View Full Version : [SOLVED] iptables: MAC Filtering w/ a file?
July 2nd, 2011, 07:33 PM
I'm wanting to use mac filtering to restrict access to certain machines. I already know that I can just add MACs line by line, but is there a way to specify a list of MACs? That way it would be much simpler to maintain a list of acceptable/unacceptable hosts.
I'm not going to rely only on this list because of spoofing, but it would be nice as another "layer" of protection.
July 3rd, 2011, 06:09 AM
No, I don't think you can directly do that with iptables. You could create a Bash script to read a file of MACs and add a bunch of rules, or you can configure your DHCP server properly so that the machines are in a subnet group and then make a single IP Address rule for that subnet, instead of using MACs.
Probably the best way to control things on a LAN is with VLANs and a managed switch.
July 3rd, 2011, 09:57 AM
Use arptables (http://manpages.ubuntu.com/manpages/hardy/man8/arptables.8.html)
July 3rd, 2011, 11:58 AM
The only way I can think of is to use a script, a bit like this:
for m in $(cat maclist.txt) ; do iptables -A INPUT --mac-source $m -J DROP ; done
If you are using iptables-save and iptables-restore, you could write a small script that updates saved config.
July 4th, 2011, 11:23 PM
I'm not too big on writing scripts. I've never looked into them except to do a series of command super fast.
Is about all I can do right now. What The Cog put up is over my head, but that's a little off topic.
I did find another solution though that generally gets the job done. When adding a rule, you use -j to "pass judgement" on the packets. You can use ACCEPT, DROP, or a user defined. Make the user defined chain look like this:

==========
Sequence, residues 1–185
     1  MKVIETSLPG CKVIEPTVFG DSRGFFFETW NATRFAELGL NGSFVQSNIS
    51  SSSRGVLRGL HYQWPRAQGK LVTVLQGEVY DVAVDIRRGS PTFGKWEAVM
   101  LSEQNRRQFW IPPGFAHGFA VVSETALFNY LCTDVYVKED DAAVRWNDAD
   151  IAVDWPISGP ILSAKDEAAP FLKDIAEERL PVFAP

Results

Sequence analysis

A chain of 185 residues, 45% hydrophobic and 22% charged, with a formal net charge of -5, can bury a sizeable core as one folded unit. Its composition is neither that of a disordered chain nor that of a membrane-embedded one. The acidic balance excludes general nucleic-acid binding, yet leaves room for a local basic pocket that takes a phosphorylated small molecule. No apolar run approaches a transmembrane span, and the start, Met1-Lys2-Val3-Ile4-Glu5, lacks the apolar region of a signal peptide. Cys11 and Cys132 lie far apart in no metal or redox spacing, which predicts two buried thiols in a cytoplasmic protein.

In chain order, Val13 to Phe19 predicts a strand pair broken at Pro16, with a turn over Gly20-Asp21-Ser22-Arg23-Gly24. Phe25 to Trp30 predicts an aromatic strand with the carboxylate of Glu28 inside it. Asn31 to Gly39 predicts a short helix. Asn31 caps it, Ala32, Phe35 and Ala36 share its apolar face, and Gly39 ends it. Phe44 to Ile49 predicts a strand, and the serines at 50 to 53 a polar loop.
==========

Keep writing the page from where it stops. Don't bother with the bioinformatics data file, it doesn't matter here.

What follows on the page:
iptables -A usersChain -m mac --mac-source (mac address here) -j ACCEPT
iptables -A usersChain -s 0.0.0.0/0 -j DROP
and the INPUT chain like this:
iptables -A INPUT (criteria you want to look for like a certain source network/host-address or protocol) -j usersChain
With this set-up, a packet that matches certain criteria will be put against a "list" of mac addresses, and can even block macs by using DROP instead of ACCEPT. The administrator can then manage a list of mac addresses (or ip addresses if so inclined) to simply everything instead of appending/inserting rules into the main chains.
I know that what I've just posted isn't original, but it's just in case someone else has a similar need.
This guide showed me what to do, I hope it can help someone else out.
Thanks you for your help everyone. SOLVED
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